How to Get the Most Out of a Virtual Doctor Visit for COPD

Medically Reviewed By William C. Lloyd III, MD, FACS
senior African American man holding smartphone in front of laptop

If you have chronic obstructive pulmonary disease, or COPD, you already know how important it is to see your pulmonologist regularly and develop a strong doctor-patient relationship. Fortunately, using telehealth for COPD makes it easy to stay in touch with your doctor and stay on top of your health to avoid hospitalization. Telehealth can be provided via phone call, text message, or most commonly, video chat, and it allows you to see your doctor without leaving the safety and comfort of your home. You can expect a virtual doctor visit with an online pulmonologist to be similar to an in-person appointment. In either scenario, you can help your doctor help you by preparing in advance.

Review your self-management plan.

Self-management is a big part of controlling COPD symptoms. If you have a self-management plan that you created with your doctor, review it before your virtual doctor visit and flag areas where you’ve struggled since your last appointment. If you don’t have a self-management plan, ask your pulmonologist to help you create one. A plan commonly includes tasks such as: 

  • Taking medications every day
  • Following an exercise routine
  • Sticking to a healthy diet
  • Avoiding smoke and other irritants, indoors and out


Research shows that a written action plan with ongoing support from a healthcare provider reduces the risk of hospitalization due to a COPD exacerbation.

Reflect on the good days and the bad. 

Know what a good day and a bad day looks like for you as you’re living with COPD. How many good days have you had since your last appointment? How many bad days? Write down your symptoms and experiences before your virtual doctor visit and be prepared to discuss them.

Everyone living with COPD experiences it differently, but a good day usually means you’re able to follow your treatment plan, and your COPD symptoms are typical for you. You’re getting enough exercise and rest and you have your normal amount of coughing and phlegm. A bad day could include any of the following:

  • Coughing more often
  • Increased breathlessness
  • More frequent use of a quick relief inhaler
  • Greater swelling in ankles
  • Trouble sleeping or eating


If you ever have an especially bad day, don’t wait until your virtual doctor visit to tell someone. Get emergency medical help immediately for any of these symptoms:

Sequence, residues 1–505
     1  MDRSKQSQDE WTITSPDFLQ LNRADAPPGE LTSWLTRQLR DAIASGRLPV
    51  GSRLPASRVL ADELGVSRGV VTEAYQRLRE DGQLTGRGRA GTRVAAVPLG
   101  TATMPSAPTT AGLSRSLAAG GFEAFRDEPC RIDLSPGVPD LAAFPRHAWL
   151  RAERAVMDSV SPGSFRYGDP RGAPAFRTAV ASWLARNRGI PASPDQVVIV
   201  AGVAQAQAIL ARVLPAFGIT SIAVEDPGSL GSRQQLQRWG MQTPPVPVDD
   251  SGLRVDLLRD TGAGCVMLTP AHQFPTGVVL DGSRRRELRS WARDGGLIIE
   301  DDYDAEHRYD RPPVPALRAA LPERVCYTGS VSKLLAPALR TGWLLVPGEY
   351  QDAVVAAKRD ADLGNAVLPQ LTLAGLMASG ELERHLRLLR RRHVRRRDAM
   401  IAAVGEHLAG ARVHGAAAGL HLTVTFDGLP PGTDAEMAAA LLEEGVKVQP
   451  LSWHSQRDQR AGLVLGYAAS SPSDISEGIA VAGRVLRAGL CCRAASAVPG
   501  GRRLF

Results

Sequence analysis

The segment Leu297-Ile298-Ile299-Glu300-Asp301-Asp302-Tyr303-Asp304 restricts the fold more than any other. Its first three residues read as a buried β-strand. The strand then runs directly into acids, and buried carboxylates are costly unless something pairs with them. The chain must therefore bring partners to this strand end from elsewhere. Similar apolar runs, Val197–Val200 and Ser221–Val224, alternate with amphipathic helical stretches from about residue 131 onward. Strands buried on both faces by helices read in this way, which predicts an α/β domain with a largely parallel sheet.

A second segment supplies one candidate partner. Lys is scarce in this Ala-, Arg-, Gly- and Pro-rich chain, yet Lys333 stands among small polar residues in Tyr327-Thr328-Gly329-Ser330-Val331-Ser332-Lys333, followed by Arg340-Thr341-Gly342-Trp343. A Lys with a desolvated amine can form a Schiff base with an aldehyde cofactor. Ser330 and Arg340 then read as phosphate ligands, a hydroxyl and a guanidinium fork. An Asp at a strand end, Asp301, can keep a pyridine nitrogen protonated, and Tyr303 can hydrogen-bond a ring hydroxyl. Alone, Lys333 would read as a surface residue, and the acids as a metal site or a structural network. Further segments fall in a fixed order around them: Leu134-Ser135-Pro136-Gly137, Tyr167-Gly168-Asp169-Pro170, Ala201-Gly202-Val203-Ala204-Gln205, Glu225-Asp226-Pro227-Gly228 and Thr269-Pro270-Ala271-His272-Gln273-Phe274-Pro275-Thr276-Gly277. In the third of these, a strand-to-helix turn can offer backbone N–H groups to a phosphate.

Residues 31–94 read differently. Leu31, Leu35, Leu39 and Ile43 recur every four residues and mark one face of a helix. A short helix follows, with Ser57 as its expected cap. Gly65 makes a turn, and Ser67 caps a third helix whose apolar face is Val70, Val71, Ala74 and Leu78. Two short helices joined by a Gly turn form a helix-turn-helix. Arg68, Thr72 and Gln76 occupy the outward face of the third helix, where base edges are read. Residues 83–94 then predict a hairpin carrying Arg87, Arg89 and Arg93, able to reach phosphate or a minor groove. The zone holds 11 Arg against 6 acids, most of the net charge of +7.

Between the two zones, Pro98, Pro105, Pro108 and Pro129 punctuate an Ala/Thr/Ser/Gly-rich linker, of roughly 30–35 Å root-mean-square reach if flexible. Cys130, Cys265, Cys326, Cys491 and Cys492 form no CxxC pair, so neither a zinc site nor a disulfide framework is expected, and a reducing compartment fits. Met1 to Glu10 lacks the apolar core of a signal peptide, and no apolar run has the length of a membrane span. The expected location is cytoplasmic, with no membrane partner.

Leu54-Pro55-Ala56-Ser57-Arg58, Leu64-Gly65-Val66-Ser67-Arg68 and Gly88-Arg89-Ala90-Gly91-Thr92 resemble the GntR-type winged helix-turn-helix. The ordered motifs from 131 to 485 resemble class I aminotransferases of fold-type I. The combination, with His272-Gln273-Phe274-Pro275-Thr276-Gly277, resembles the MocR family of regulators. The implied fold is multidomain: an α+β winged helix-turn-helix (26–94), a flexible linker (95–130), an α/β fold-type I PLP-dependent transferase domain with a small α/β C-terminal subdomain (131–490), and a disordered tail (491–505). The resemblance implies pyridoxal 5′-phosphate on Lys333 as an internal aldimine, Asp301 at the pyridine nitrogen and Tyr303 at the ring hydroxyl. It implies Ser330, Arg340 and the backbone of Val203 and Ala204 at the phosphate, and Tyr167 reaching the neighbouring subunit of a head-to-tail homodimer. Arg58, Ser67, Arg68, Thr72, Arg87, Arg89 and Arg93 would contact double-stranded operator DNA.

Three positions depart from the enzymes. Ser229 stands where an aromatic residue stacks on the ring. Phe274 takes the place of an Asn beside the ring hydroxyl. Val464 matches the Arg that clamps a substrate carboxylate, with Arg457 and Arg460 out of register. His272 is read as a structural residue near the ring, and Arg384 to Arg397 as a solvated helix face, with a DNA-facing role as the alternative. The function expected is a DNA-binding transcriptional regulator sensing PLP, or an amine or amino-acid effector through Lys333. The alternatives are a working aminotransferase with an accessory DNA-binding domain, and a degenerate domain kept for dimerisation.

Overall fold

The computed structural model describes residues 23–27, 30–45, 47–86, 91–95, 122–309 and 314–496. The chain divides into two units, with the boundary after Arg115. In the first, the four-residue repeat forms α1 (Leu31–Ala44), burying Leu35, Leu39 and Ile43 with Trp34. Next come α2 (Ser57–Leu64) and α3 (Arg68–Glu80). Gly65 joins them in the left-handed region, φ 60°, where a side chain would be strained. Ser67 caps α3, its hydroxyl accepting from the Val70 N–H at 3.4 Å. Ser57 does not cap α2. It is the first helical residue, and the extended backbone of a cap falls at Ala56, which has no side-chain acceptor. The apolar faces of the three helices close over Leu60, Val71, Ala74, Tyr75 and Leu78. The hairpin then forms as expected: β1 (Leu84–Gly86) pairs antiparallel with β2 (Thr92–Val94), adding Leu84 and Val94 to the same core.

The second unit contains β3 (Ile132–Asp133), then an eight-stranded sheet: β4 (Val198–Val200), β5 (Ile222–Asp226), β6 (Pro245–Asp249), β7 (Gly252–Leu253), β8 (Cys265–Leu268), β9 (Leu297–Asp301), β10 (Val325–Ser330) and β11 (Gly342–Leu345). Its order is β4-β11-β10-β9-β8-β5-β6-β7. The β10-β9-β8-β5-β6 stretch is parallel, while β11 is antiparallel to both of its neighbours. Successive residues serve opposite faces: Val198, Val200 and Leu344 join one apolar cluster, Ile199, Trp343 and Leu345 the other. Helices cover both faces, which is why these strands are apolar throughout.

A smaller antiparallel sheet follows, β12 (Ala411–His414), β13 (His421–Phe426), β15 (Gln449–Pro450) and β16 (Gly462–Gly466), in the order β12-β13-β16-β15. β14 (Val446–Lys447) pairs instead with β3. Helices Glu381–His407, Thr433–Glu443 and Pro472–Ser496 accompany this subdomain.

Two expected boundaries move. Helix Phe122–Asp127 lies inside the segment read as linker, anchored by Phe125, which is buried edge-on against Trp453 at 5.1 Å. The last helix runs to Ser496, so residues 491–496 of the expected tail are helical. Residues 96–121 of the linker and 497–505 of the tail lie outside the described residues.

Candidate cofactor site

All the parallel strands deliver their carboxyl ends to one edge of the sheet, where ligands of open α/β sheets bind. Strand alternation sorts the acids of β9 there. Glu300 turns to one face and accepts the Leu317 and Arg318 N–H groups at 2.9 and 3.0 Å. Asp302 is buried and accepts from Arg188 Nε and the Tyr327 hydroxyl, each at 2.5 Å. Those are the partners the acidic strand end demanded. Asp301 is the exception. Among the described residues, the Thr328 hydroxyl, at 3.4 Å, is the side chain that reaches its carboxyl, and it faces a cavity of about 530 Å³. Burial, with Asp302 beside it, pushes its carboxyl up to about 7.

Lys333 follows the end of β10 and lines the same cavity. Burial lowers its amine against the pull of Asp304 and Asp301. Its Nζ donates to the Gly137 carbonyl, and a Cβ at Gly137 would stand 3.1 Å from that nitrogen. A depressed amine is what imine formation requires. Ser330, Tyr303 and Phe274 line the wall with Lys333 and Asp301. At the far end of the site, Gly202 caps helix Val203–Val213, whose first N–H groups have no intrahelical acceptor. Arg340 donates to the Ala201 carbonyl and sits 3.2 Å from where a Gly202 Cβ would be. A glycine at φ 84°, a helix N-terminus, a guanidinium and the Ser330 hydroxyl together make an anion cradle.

• Severe breathlessness

Note any problems with devices.

Have you had any problems using treatment devices such as an inhaler? If you’re also using telemonitoring equipment to measure vital signs like respiratory rate and heart rate, have there been any glitches? If you haven’t already let your doctor know about these issues, your telehealth appointment can be a good opportunity to review how to use (and fix) these tools.

Make sure your telehealth visit goes smoothly.

Before your appointment, make sure you’re prepared for the actual visit. Charge your computer, phone, or tablet if you plan to use one of these devices for a video or phone call. Make sure you’ve downloaded any special video conferencing apps that your doctor requires. Find a quiet place in your home without distractions or too much noise. You may want to do a test call in advance to make sure everything works and you’re comfortable with the technology. Be sure to have pen and paper handy to keep notes and doctor’s instructions.

At first, it may feel strange to talk to your doctor via telehealth, but with practice, it can start to feel more normal. And if you prepare in advance, you’ll be able to enjoy connecting with your doctor and feel confident about managing your COPD.

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  1. Increasing COPD Care with Telehealth. Rural Health Information Hub.
  2. My COPD Action Plan. American Lung Association.
  3. Making sense of telemedicine in the management of COPD. European Respiratory Journal.
  4. Continuous remote monitoring of COPD patients—justification and explanation of the requirements and a survey of the available technologies. US National Library of Medicine National Institutes of Health.
Medical Reviewer: William C. Lloyd III, MD, FACS
Last Review Date: 2022 May 26
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